The battle of prayer is against two things in the earthlies: wandering thoughts and lack of intimacy with God’s character as revealed in His word. Neither can be cured at once, but they can be cured by discipline.
We have to pray with our eyes on God, not on the difficulties.
Prayer (this side of heaven) will always be hard and will always take discipline, but when I see it as a means to communion with God, it feels more like a “get to” than a “have to.”
In every good work, we must depend on the Lord. If anyone rises so that he may give the time which he takes from sleep to prayer and meditation, let him be sure that Satan will try to put obstacles in the way.
It is not possible to live in sin, and at the same time, by communion with God, draw down from heaven everything one needs for this life.
Our trouble is that so often we come to God with our greeds rather than our needs. Already having everything we need, we pray for what we want. This becomes the source of our discontent: we desire things that God has not promised.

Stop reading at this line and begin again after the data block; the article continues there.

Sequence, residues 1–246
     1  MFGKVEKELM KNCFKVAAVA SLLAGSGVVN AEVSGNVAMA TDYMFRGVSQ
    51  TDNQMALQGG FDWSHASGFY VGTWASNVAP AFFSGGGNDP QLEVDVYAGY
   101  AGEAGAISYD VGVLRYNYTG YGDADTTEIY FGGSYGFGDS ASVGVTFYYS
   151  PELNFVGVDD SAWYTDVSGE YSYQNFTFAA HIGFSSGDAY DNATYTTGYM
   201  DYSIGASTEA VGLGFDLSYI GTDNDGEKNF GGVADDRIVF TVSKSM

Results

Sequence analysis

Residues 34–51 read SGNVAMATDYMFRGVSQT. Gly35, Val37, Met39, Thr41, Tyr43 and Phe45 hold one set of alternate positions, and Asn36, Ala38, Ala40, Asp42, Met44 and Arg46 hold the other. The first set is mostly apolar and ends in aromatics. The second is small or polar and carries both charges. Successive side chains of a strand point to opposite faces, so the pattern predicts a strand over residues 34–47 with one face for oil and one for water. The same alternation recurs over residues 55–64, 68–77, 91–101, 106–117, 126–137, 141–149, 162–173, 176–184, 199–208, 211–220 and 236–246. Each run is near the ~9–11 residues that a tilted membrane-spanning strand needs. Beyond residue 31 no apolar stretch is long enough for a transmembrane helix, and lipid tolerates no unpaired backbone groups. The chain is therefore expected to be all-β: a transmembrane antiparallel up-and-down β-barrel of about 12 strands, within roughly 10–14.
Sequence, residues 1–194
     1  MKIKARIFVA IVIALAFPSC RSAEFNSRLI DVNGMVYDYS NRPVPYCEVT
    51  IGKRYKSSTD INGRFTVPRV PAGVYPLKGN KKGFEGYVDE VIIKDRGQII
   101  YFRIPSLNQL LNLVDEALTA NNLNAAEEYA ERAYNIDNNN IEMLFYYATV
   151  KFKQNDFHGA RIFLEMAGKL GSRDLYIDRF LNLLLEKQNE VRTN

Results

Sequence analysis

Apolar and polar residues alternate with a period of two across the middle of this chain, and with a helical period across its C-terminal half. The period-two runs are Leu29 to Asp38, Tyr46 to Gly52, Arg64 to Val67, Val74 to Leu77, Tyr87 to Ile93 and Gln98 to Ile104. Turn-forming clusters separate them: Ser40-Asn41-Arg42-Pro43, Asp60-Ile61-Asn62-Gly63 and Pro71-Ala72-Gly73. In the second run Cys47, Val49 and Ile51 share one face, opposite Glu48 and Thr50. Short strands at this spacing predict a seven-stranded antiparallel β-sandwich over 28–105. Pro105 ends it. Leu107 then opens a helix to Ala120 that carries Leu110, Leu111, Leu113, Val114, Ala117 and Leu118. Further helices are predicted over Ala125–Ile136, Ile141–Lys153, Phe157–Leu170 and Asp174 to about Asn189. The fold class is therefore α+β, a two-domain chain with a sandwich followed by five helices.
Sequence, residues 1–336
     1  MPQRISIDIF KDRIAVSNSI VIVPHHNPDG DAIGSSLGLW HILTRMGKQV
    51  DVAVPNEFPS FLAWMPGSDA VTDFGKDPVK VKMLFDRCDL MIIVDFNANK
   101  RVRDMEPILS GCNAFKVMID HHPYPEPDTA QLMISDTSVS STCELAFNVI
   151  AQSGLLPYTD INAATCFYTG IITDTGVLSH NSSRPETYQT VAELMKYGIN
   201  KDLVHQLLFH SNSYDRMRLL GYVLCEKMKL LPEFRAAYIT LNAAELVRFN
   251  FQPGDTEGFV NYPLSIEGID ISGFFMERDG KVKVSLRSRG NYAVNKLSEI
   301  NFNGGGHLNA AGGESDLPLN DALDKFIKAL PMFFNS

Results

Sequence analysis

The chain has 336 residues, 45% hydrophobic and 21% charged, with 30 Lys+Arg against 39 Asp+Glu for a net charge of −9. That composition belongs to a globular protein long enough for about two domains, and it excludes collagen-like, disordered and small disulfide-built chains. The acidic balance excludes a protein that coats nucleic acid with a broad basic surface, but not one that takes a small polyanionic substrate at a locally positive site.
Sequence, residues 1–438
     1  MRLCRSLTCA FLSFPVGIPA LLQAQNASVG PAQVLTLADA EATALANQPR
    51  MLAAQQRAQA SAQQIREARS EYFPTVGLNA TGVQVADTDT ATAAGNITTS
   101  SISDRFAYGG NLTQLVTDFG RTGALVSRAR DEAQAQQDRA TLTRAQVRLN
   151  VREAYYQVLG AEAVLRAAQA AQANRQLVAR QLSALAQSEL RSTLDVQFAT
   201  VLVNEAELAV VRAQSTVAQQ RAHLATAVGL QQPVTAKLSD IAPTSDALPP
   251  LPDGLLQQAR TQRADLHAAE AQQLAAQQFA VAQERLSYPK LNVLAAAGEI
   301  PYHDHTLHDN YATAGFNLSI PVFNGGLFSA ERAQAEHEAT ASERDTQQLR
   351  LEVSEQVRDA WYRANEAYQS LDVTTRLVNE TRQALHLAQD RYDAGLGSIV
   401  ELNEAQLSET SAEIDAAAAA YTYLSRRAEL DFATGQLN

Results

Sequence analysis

It was a great breakthrough to realize that God was not necessarily leading me to pray for everything with equal intensity. To try to do so will kill a prayer life. To learn to let God set the agenda of our prayer life will resurrect it.
The highest position, in the greatest and most complicated monarchy, did not keep Daniel from daily, frequent supplication.
All hindrance to prayer arises from ignorance of the teaching of God’s Holy Word on the life of holiness He has planned for all His children or from an unwillingness to consecrate ourselves fully to Him. When we can truthfully say to our Father, “All that I am and have is Thine,” then He can say to us, “All that is Mine is thine.”